Energy to disperse a dry sample is applied by entraining the powder in a compressed air stream. Similar to wet dispersion,
the goal is to disperse to an application-relevant degree but no further; air pressure is the lever used to control energy
input. ISO 13320:2009 notes that a "pressure/particle-size" titration should in the ideal case identify a region where particle
size is nearly constant over a range of pressures, indicating that agglomerate dispersion has occurred without particle breakup.
However, it makes clear that this is seldom observed, in which case it becomes important to reference dry results against
wet measurements, to avoid breakup and/or milling of the primary particles.
Figure 4 (a) shows a pressure/particle-size titration for a relatively fragile material. Particle size decreases quite steeply
as pressure is increased from 0 to 1 bar, but there is no way of telling simply by looking at this plot if this size reduction
is the result of agglomerate breakup or the milling of primary particles. Figure 4 (b) shows that close agreement between
wet results and dry data is achieved at a dispersion pressure of 0.2 bar, suggesting that pressures above this result in particle
milling. As with wet dispersion, images of the particles can be useful in elucidating the effect of entrainment at different
Figure 4: Method-development data for a fragile powder sample, (a) a pressure/particle-size titration, (b) a comparison of
wet-dispersion data with dry results measured at a dispersion pressure of 0.2 bar.
Figures 5 (a) and (b) show strictly analogous data for a different material—a pharmaceutical powder. Here too, the pressure/particle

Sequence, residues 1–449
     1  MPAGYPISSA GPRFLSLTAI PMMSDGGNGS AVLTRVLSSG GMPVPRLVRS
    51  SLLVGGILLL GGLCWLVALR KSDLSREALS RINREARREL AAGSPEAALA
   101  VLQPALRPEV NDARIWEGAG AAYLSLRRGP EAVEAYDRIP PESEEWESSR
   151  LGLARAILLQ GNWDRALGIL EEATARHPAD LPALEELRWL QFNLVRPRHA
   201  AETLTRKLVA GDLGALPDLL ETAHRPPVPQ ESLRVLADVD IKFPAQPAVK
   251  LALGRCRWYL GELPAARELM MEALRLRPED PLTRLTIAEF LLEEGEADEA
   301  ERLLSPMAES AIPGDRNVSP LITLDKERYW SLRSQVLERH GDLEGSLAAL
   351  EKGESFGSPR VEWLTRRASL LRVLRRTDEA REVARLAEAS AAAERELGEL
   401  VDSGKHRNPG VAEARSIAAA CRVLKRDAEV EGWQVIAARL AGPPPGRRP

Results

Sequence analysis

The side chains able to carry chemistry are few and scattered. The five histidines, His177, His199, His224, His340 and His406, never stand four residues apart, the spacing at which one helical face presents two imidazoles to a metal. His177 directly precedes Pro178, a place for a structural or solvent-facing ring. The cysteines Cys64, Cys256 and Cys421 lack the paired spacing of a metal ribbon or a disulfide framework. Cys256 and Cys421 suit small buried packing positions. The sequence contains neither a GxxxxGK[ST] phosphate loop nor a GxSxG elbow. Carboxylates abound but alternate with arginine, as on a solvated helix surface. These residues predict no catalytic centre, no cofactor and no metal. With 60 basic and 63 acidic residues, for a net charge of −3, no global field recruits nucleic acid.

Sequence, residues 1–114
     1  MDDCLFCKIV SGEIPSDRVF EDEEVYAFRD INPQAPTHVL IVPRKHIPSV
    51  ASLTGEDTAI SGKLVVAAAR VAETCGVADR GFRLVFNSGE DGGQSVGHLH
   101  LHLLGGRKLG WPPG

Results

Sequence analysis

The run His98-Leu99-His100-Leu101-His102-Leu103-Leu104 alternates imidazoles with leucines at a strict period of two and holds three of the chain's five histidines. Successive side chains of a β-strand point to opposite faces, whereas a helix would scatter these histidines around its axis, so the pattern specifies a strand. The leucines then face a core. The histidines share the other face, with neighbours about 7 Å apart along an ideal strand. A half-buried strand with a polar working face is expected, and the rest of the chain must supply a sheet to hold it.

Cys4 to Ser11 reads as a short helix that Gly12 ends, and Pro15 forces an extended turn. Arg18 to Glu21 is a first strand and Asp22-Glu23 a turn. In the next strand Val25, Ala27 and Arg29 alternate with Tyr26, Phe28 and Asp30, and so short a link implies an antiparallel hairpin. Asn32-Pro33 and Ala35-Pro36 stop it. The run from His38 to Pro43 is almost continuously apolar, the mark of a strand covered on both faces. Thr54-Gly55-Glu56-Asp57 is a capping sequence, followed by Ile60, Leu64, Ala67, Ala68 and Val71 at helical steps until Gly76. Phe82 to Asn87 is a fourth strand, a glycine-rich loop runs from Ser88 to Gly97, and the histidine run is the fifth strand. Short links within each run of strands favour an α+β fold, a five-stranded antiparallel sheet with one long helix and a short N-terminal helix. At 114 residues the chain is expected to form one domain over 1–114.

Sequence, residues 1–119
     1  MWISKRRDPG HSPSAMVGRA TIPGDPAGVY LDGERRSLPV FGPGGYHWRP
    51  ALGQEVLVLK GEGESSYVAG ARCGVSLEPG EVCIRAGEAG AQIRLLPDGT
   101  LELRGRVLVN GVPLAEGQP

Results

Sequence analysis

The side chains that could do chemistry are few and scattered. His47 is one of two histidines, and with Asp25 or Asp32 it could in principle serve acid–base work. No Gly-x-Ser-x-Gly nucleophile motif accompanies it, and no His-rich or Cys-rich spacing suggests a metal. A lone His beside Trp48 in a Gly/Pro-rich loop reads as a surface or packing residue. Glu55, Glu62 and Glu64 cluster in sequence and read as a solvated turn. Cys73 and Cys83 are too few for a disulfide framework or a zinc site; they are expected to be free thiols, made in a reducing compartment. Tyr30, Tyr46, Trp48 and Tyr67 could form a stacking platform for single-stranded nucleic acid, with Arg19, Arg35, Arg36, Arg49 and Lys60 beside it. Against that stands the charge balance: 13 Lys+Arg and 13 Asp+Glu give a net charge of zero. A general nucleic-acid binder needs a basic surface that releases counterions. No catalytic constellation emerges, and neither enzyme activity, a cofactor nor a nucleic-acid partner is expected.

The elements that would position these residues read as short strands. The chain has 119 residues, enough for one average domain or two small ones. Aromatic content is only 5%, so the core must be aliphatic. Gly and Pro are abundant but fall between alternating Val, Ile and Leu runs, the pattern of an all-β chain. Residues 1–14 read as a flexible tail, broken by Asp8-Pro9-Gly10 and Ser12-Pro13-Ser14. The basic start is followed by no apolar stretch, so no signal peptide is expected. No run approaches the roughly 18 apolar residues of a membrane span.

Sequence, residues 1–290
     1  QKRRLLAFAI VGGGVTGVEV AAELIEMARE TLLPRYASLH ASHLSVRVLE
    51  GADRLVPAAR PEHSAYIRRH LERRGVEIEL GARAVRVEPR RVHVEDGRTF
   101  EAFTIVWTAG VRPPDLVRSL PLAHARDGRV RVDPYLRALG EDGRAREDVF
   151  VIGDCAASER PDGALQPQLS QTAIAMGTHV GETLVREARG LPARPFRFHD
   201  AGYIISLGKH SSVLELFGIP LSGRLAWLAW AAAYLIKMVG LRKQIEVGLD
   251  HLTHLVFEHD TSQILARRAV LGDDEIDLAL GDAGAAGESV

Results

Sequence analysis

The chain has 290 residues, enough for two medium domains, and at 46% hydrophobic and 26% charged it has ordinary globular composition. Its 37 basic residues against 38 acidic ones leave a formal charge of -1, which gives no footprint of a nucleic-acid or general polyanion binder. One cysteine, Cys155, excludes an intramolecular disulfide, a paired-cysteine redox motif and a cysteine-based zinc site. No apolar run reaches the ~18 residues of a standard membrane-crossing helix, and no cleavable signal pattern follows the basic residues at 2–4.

size titration fails to plateau, giving an unclear indication of optimal air pressure. A comparison of data measured at 3
bar with those from a wet dispersion suggests that dispersion is inadequate—there are larger quantities of material toward
the coarse end of the particle-size distribution. The dry results also show, however, a larger proportion of fines. Here then,
dispersion and breakup occur simultaneously, rather than sequentially, making dry dispersion problematic. Further increasing
the dispersion pressure will reduce the amount of agglomerated material present but will also increase particle damage. For
this system, wet dispersion is a better option.
Figure 5: Method-development data for a pharmaceutical powder, (left) a pressure/particle-size titration, (right) a comparison
of wet-dispersion data with dry results measured at a dispersion pressure of 3 bar.
The actual process of sample measurement involves recording the scattering pattern produced as the sample passes through the
path of the laser. An initial background measurement captures scattering from the cell windows, any contaminant present and,
in the case of wet measurement, the pure dispersant. This process assesses cleanliness and allows precise capture of the scattering
pattern relating solely to the sample.
With a dry measurement, duration is set to ensure analysis of the entire sample to avoid analyzing an unrepresentative subsample.
Obscuration limits can be set to prevent measurement when the powder density is too low to give a reliable signal-to-noise
ratio, or, conversely so high that multiple scattering is likely.
For a wet dispersion, measurement duration can be specified to analyze just a small fraction of the sample, or, at the other
extreme, to repeatedly measure the same sample, because material being measured can be recirculated through the measurement
cell many times. Excessively long measurement times are inefficient but an overly short measurement time may give unrepresentative
data, especially if the sample contains coarser particles and/or the distribution is broad, as illustrated by Figure 6. For
this sample, the poor repeatability and smaller particle size recorded at low measurement times are attributable to insufficient
sampling of the large particles, an issue resolved by extending measurement duration.
Figure 6: Results of tracking Dv90 and measurement variability as a function of measurement duration.